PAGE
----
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Subject: Thermolignum system

Thermolignum system

From: Ian Fraser <ian>
Date: Friday, June 20, 2003
Taylor Samantha <samantha.taylor [at] twmuseums__org__uk> writes

>Has anyone had experience of putting a costume/textile or
>mixed-media collection through the thermolignum process?  What
>criteria did you use to determine what was suitable/unsuitable to
>undergo the treatment process? In particular, how were objects that
>involved plastic dealt with?

Tom Strang at CCI has tried heat treatment on a wide range of
objects, including I believe some made of wax (what they were
infested with I couldn't tell you, perhaps they were just test
pieces, or part of a composite object). The criteria for treatment
with heat must be whether the temperature exceeds the melting point
of any of the materials in the object. If some could be subject to
melting eg. plastics, and you cannot determine that the melting
point is above the kill threshold (52 degrees C, I think it is) then
I wouldn't risk it. Freezing to minus 30 degrees C will kill all
stages of any insect's life cycle too, without the risk of damage.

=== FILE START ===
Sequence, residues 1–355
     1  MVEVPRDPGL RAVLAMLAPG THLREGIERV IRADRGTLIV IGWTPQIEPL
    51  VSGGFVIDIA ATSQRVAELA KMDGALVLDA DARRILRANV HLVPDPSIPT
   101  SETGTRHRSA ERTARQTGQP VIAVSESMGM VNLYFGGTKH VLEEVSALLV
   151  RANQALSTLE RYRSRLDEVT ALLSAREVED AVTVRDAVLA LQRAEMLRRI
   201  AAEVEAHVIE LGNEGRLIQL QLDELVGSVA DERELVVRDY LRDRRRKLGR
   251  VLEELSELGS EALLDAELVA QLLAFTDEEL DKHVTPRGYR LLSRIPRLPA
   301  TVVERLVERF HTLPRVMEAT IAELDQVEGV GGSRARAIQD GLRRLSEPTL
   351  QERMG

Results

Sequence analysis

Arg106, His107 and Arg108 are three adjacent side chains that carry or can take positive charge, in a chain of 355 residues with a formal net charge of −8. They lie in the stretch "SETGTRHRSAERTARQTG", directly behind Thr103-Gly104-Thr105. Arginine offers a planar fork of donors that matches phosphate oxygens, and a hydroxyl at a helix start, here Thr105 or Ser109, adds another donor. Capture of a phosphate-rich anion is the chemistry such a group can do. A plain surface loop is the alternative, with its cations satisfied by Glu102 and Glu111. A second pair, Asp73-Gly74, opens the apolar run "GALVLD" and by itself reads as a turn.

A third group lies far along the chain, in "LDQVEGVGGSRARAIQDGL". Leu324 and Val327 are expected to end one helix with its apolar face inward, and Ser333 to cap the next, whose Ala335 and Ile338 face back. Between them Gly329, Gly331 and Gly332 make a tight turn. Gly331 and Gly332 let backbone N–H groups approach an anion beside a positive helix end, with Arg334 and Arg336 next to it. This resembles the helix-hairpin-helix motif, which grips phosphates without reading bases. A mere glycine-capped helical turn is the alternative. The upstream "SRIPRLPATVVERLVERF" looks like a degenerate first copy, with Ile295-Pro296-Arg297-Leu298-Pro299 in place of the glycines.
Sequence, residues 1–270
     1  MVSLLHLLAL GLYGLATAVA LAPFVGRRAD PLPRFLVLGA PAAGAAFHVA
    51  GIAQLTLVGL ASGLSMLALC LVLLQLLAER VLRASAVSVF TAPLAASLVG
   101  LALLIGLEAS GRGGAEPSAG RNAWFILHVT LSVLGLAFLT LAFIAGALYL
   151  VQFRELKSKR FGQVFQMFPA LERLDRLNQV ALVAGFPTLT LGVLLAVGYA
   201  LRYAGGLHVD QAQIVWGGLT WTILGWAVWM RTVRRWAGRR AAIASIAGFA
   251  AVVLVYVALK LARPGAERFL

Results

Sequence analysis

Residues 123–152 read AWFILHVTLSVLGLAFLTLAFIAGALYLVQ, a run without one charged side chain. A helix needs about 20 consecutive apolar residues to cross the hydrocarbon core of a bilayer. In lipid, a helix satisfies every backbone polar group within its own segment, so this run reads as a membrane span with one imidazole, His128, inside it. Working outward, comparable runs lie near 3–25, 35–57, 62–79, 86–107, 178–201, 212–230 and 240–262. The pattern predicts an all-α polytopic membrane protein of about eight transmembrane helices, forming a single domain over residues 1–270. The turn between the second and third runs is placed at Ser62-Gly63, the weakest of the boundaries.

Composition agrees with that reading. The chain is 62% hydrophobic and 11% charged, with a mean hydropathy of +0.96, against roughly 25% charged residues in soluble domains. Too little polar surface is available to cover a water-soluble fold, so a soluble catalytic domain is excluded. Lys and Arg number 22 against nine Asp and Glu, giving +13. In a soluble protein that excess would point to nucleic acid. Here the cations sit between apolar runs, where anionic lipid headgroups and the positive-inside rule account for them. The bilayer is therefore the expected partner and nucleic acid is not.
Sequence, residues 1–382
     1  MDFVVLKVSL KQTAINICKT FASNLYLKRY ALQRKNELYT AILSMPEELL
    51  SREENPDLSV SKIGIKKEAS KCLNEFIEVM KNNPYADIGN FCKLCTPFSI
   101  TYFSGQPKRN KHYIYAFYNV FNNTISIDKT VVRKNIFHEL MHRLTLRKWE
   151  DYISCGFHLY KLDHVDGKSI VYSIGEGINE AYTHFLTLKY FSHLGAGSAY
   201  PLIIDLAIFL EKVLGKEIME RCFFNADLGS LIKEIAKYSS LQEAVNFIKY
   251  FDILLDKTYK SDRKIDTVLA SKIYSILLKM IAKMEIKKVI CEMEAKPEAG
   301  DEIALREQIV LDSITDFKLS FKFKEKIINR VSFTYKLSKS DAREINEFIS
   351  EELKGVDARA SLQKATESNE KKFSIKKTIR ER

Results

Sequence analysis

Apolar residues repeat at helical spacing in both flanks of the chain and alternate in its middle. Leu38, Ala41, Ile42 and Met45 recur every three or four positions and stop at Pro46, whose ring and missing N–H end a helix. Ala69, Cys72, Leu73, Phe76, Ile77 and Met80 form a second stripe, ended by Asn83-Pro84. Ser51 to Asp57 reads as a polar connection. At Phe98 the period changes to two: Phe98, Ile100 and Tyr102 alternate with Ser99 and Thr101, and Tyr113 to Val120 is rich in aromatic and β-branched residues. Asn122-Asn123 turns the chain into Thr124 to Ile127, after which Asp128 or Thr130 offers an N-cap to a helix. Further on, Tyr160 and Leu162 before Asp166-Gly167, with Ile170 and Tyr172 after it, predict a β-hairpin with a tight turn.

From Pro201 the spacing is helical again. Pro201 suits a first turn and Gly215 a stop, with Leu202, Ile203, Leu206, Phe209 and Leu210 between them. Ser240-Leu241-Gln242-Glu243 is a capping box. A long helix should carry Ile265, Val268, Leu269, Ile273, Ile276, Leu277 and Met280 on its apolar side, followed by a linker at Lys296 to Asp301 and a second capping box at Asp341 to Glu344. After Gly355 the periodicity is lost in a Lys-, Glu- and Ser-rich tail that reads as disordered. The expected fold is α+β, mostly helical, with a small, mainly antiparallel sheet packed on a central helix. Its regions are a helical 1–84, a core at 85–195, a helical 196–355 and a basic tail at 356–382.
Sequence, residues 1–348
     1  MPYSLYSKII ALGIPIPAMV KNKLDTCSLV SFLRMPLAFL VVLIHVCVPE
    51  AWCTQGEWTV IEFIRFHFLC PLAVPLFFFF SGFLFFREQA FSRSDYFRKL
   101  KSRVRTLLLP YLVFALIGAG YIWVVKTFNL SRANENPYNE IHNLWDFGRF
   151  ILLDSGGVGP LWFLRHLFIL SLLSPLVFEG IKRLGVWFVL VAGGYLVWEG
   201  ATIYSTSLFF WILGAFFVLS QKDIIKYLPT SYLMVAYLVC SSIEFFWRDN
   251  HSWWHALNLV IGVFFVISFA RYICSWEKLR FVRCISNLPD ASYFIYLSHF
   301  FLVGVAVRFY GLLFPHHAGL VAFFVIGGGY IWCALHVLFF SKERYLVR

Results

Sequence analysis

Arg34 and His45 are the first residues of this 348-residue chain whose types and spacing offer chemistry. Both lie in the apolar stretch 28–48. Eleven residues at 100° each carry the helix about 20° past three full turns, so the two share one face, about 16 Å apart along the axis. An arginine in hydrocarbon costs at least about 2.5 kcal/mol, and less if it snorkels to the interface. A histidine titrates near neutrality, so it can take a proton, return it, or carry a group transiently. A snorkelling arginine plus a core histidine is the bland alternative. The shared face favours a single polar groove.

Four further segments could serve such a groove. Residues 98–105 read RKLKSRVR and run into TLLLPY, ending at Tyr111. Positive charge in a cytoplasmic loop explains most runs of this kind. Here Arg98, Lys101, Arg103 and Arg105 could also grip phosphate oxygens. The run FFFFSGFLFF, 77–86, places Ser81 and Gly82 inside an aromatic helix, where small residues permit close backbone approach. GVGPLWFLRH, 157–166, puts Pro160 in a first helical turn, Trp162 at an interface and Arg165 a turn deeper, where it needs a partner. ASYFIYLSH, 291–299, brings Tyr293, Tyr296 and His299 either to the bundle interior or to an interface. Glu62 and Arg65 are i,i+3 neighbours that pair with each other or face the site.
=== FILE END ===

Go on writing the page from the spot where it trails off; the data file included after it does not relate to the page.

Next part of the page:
Any embrittlement from low temperatures would be temporary. Perhaps
you should be looking to freeze instead. There is more preparation
i.e. bagging/sealing in polythene to avoid moisture vapour
condensing on the the cold object. It can be a good thing to leave
objects in bags whilst in storage however, if you are unsure that
the building is pest free.

You need also to investigate what has caused the outbreak. Treatment
without dealing with the underlying problem(s) is probably not the
best way forward. My apologies if this is stating the obvious.

Ian Fraser
Furniture Conservator
Temple Newsam House
Leeds Museums and Galleries
Leeds LS15 0AE

                  Conservation DistList Instance 17:3
                   Distributed: Friday, June 20, 2003
                        Message Id: cdl-17-3-009
Received on Friday, 20 June, 2003

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